“I was heading for a peculiar jutting-out rock on the ridge and as I stepped left around the rock I realized I'd made it - there were the summit prayer flags. But it took a full minute for my hypoxic brain to register that there were still footsteps upwards and it was another 20 feet or so to the summit. I followed the steps to the top and stood there with mixed emotions of relief and elation having finally made it, but disappointed not to be sharing this summit with Gary.”

Ginette became the first woman ever to stand on top of Kangchenjunga. Afterwards, she and Gary would summit Shisha’s Central summit and Makalu. The climbing community referred to Ginette as the ‘second best climber of the century’ after Wanda. She had no chance to change positions. In autumm 1999, caught in an avalanche on Dhaulagiri, she lost her life.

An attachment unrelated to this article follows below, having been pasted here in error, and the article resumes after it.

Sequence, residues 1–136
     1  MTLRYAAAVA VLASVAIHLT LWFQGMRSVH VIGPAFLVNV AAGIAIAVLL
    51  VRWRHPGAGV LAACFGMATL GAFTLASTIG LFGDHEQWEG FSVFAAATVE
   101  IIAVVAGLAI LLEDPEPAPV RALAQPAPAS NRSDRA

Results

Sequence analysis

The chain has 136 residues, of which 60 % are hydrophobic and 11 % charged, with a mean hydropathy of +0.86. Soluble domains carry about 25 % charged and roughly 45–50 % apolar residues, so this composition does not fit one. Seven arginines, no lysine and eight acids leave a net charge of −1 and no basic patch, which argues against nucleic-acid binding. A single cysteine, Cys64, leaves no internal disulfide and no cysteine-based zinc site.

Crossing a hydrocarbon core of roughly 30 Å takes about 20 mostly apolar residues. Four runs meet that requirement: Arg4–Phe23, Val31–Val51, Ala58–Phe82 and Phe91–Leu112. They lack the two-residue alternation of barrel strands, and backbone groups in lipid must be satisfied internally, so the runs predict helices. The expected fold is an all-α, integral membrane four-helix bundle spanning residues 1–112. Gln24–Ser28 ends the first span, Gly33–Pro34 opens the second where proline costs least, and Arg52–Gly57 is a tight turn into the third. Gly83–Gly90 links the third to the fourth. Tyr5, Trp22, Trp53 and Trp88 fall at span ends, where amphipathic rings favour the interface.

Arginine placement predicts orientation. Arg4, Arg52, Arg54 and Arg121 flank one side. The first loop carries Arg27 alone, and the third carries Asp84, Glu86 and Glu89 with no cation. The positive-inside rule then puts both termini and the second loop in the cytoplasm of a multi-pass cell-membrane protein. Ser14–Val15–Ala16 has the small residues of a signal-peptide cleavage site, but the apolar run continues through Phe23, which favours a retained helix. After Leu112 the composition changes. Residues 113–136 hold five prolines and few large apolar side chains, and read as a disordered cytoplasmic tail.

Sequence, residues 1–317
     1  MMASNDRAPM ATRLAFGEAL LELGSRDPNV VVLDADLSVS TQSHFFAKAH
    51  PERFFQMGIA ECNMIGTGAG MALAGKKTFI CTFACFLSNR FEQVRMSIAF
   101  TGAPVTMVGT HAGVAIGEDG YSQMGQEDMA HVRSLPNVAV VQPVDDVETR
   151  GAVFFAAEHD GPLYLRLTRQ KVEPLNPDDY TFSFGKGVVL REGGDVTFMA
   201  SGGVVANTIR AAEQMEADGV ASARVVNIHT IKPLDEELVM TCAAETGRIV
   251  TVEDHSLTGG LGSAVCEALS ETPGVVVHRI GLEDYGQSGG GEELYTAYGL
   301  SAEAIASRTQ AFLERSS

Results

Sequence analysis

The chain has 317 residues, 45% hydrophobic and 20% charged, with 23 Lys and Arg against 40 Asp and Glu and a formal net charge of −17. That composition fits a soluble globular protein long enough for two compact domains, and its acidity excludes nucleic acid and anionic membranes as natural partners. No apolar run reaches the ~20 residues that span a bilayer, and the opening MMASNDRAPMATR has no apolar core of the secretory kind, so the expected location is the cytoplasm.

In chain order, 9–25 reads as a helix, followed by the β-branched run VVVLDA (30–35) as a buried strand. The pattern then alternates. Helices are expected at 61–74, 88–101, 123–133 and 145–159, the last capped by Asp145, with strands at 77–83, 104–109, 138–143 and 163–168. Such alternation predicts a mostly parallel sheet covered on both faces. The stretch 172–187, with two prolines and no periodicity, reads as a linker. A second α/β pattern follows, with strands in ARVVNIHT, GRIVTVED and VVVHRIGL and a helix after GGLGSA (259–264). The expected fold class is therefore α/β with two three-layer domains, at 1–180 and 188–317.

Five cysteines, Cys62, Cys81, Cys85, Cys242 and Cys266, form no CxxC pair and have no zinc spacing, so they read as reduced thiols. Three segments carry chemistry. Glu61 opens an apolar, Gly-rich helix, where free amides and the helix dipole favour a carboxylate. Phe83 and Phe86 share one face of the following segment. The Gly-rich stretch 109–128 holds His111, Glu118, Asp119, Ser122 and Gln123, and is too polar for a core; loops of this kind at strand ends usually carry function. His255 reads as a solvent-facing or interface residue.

Rutkiewicz’s soul

There is plenty of biographic background on the Polish climbing ace, Wanda Rutkiewicz. She was a force of nature with an iron will that would astonish an entire generation by being the only woman to climb eight 8000ers, a record yet to be broken.

Wanda Rutkiewicz became first woman to summit K2. She would also summit Shisha Pangma, Everest, Gasherbrum I and II, Cho Oyu, and Nanga Parbat. Her life ended tragically in 1992 when she disappeared while attempting to climb Kangchenjunga – she was last seen on the mountain at 8200m.

Back then, Mexican Carlos Carsolio was climbing the mountain as well. Carsolio met Wanda on his way back from the summit. He tried to convince her to head back down, but the Polish climber wouldn’t listen. She was getting ready to bivouac for the night and decided to attempt the summit the morning after. Stubborn and focused, she refused to turn back, despite the approaching storm. No one will ever know if she died that night, or actually kept on climbing up. Whatever happened, she chose to stay. The climbing community all over the world still honors her memory, as the greatest female climber ever.

Images of Ginette (top three images) on Kangchenjunga courtesy of Shiva Charity – her friends set up a Ginette ‘Harrison Memorial Fund’ in order to honour her memory. This helps to promote education in Nepal through SHIVA charity.

Image of Wanda (last image), courtesy of Bergfieber.de.